A look at how the theology of Martin Luther and John Calvin effected significant changes in the musical forms of the medieval church.
Many today feel uncertain about how to respond to a changing technological landscape. If neither technophobia nor technophoria are adequate responses, can we chart a middle way? This lecture outlines a few rules for what technology is, how it behaves, what we should do about it, and proposes a response that avoids the double dangers of fear and utopianism.
For further reading:
- What Technology Wants (Kevin Kelly)
- Understanding Media (Marshall McLuhan)
- Technopoly (Neil Postman)
- The Technological Society (Jacques Ellul)
- The Singularity Is Near (Ray Kurzweil)
In their recent book Modern Art and the Life of a Culture, Jonathan Anderson and William Dyrness offer a rereading of the history of modern art, including such important artists as Van Gogh, Kandinsky, Warhol, and others. In the book and this lecture, Anderson explores episodes in modern art history that are more shaped by religious contexts and theological concerns than they are usually given credit for, questioning the narrative Hans Rookmaaker offered in his influential book, Modern Art and the Death of a Culture (1970).
A lecture given by Jonathan Anderson (Assosciate Professor of Art, Biola University, USA) at English L'Abri on 13 October, 2017. For more information, visit labri.org/england and for more L'Abri lectures, visit the L'Abri Ideas Library.
The sixteenth-century reformer John Calvin is not generally know for his enthusiasm for the visual arts. Yet he widely praised the arts in general as good gifts of God's creation for the common good and enjoyment of all. In this 500th anniversary year of the Reformation, this lecture takes a closer look at Calvin's comments on the arts in his Institutes of the Christian Religion and considers what may still be of value.
A lecture given by Adrienne Chaplin (Independent Scholar and Visiting Research Fellow, King's College London) at English L'Abri on 6 October, 2017. For more information, visit labri.org/england and for more L'Abri lectures, visit the L'Abri Ideas Library.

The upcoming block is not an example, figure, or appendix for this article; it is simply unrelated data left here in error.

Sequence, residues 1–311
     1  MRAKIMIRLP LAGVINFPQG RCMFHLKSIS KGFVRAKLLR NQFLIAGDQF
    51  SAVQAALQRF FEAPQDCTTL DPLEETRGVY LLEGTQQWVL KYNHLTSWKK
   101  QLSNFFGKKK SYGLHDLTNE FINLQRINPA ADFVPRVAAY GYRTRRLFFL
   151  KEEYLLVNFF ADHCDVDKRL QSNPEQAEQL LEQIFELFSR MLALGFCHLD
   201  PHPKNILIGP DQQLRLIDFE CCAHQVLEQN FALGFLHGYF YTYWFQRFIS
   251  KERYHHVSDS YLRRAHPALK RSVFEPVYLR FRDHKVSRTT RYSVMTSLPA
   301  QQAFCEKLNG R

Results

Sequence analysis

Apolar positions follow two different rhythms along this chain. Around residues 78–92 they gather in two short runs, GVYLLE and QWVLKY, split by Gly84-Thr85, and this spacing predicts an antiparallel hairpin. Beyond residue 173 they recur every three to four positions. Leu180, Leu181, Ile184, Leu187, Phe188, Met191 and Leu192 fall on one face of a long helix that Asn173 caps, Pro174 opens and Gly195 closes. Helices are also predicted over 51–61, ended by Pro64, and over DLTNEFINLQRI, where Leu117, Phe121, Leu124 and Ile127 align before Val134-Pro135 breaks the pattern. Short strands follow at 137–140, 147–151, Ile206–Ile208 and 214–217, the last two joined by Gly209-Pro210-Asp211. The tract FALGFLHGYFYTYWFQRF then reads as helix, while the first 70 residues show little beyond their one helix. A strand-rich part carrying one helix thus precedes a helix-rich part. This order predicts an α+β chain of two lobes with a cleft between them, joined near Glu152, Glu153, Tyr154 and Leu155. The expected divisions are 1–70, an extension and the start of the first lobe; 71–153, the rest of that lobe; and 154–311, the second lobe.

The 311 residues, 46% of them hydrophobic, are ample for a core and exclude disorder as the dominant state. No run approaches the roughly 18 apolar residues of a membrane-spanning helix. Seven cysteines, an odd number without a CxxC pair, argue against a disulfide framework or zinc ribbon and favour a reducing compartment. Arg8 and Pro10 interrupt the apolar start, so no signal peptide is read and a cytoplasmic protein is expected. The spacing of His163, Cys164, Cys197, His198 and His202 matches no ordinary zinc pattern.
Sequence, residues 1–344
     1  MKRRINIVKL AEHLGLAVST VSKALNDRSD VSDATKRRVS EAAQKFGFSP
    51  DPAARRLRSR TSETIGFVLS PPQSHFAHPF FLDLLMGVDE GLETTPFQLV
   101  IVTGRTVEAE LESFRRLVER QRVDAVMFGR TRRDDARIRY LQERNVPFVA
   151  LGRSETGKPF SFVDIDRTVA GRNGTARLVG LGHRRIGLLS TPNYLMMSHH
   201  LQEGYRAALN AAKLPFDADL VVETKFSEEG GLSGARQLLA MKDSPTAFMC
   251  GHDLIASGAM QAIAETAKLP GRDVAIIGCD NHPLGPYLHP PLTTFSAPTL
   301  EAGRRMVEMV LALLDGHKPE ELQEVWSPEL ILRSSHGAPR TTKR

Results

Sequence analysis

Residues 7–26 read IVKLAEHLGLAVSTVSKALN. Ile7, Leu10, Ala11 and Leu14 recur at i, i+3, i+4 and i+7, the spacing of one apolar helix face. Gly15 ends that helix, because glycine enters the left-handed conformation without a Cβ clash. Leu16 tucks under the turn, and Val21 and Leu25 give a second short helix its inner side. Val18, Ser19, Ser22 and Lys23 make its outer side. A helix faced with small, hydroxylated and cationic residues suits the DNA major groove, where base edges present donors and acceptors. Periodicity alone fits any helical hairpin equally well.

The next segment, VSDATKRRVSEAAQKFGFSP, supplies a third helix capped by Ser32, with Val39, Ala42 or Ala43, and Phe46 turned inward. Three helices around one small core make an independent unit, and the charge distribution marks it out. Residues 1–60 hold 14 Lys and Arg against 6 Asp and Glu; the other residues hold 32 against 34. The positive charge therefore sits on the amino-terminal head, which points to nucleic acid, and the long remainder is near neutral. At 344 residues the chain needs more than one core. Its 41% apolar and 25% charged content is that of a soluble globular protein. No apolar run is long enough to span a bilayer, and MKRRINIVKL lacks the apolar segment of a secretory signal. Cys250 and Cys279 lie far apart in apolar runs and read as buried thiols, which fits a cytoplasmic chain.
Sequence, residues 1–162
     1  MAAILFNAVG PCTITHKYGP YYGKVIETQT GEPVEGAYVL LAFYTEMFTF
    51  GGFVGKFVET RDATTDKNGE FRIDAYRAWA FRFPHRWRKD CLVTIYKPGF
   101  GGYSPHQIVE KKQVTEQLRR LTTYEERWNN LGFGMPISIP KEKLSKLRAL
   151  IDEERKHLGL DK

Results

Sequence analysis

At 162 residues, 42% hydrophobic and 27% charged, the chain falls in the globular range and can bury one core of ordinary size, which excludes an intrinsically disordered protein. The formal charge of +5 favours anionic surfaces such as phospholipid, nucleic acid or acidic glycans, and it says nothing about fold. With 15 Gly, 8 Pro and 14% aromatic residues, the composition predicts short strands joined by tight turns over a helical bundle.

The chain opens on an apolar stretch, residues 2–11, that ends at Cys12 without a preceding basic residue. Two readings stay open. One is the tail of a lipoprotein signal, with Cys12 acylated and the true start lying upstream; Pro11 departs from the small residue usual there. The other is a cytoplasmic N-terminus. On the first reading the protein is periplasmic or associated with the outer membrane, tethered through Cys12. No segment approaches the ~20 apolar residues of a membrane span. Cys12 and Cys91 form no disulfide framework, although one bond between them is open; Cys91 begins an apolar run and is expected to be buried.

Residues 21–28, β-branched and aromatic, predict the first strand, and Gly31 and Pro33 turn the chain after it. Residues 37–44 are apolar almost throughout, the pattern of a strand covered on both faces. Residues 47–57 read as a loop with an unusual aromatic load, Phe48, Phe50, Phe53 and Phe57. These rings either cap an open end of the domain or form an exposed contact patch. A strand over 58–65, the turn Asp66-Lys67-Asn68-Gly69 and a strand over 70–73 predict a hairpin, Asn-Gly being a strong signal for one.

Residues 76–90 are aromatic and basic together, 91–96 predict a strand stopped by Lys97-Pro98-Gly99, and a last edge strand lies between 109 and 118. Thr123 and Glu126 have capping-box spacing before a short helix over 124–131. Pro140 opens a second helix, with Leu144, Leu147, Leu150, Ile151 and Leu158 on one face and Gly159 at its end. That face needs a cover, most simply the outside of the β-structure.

T. S. Eliot is among the greatest poets of the twentieth century. However, his masterpiece The Four Quartets, remains an evocative mystery to many readers. In The Four Quartets we see a Christian poet at the height of his maturity. It is a meditation on time, suffering, modernity, God, the human experience, and much more that rewards an evening's study and a lifetime's reading.
- The Social Construction of Reality (Peter Berger and Thomas Luckmann)
- The Abolition of Man (C.S. Lewis)
The third and final talk from our summer day conference on the Bible. Printed materials from the event are available at this link. This is a partial recording of a longer, interactive session.
The second of three talks from our summer day conference on the Bible. Printed materials from the event are available at this link.
For further study:
- Jesus and the Eyewitnesses (Richard Bauckham)
- How We Got the Bible (Neil R. Lightfoot)
- The New Testament Documents: Are They Reliable? (F. F. Bruce)
- The Historical Reliability of the Gospels (Craig Blomberg)
The first of three talks from our summer day conference on the Bible. Printed materials from the event are available at this link.
For further study:
- Scripture and the Authority of God (N.T. Wright)
- Words of Life: Scripture as the Living and Active Word of God (Timothy Ward)
- Knowing Jesus Through the Old Testament (Christopher J.H. Wright)
Additionally, you can find the two videos from The Bible Project played during this talk at the links below:
Saint Augustine once wrote, 'For when we ask whether someone is a good man, we are not asking what he believes, or hopes, but what he loves.’ This lecture explores the primacy of love in the Christian life by encouraging the cultivation of a love for God which deepens our enjoyment of God’s good gifts.
- You Are What You Love: The Spiritual Power of Habit (James K.A. Smith)
- Making Sense of God: An Invitation to the Sceptical (Tim Keller), particularly the fourth chapter, ‘A Satisfaction That is Not Based on Circumstances’
- The Confessions (St. Augustine)
- ’The Making of Modernity’ (Andrew Fellows), available at the L'Abri Ideas Library